Enceladus (Saturn II)
Enceladus ("en SEL a dus") is the eighth of Saturn's known satellites.
orbit:238,020 km from Saturn
Discovered in:1789 by Herschel.
Enceladus has the highest albedo (>0.9) of any body in the solar system. Its surface is dominated by fresh, clean ice.
At least five different types of terrain have been identified on Enceladus. In addition to craters there are smooth plains and extensive linear cracks and ridges. At least some of the surface is relatively young, probably less than 100 million years.
This means that Enceladus must have been active until very recently (and perhaps is still active today). Perhaps some sort of "water volcanism" is at work.
Enceladus is much too small to be heated by the decay of radioactive material in its interior at present (the heat would have all dissipated long ago).
Enceladus is locked in a 1:2 resonance with Dione (similar to the situation between Io and Europa). This may provide a heating mechanism but it is probably insufficient to melt water ice. Enceladus may therefore be composed of some low-melting point material rather than pure water.
Enceladus may be the source of the material in Saturn's tenuous E ring. And since the material cannot persist in the ring for more than a few thousand years, it may be due to very recent activity on Enceladus. Another possibility, though, is that the rings are maintained by high-velocity collisions between dust particles and the various moons.
Tethys (Saturn III)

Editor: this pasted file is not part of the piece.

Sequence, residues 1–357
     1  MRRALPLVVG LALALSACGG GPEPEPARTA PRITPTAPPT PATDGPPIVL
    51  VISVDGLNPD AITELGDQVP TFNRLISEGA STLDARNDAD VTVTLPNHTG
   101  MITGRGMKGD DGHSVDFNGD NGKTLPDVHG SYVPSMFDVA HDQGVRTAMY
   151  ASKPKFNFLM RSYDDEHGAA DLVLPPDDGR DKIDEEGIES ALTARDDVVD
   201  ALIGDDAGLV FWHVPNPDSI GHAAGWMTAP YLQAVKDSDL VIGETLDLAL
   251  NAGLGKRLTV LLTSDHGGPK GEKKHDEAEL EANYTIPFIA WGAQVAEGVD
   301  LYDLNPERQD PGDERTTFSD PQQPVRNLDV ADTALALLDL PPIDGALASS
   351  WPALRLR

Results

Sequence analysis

Tethys ( "TEE this" ) is the ninth of Saturn's known satellites.
orbit:294,660 km from Saturn
Discovered by:Cassini in 1684.
Tethys' low density indicates that it is almost completely composed of water ice, similar to Dione and Rhea.
The western hemisphere is dominated by a huge impact crater, called Odysseus, whose 400 km diameter is nearly 2/5 of that of Tethys itself. That such an impact didn't shatter Tethys completely indicates that it may have been liquid or at least not very solid at the time. The crater is now quite flat (or more precisely, it conforms to Tethys' spherical shape), like the craters on Callisto, without the high ring mountains and central peaks commonly seen on the Moon and Mercury
The second major feature seen on Tethys is a huge valley (called Ithaca Chasma) 100 km wide and 3 to 5 km deep which runs 2000 km or 3/4 of the way around Tethys' circumference.
Clearly then, Tethys has not always been frozen solid. At some point in its past it was probably liquid. The impact craters from that era have been smoothed out. As it froze and expanded, the surface must have cracked to accommodate the extra volume producing Ithaca Chasma. The smaller impact craters we see today are more recent.
There are no albedo features on Tethys as there are on Rhea and Dione.
Telesto and Calypso orbit in Tethys' Lagrange points (60 degrees ahead and behind Tethys in the same orbit).
Telesto (Saturn XIII)
Telesto ("tah LESS toh") is the tenth of Saturn's known satellites.
orbit: 294,660 km from Saturn
diameter:29 km (34 x 28 x 36)
Discovered by:Smith, Reitsema, Larson and Fountain in 1980 from ground-based observations.
Telesto is in Tethys' leading Lagrange point.
Calypso (Saturn XIV)
Calypso ("ka LIP so") is the eleventh of Saturn's known satellites.
orbit:294,660 km from Saturn
diameter:26 km (34 x 22 x 22)
Discovered by:Pascu, Seidelmann, Baum and Currie in 1980 from ground-based observations with prototype cameras destined for the HST.
Calypso is in Tethys' trailing Lagrange point.
Calypso and Telesto are among the smallest moons in the solar system.
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Last Modified : 5 Sep. 2001
Created By#C0115361 Team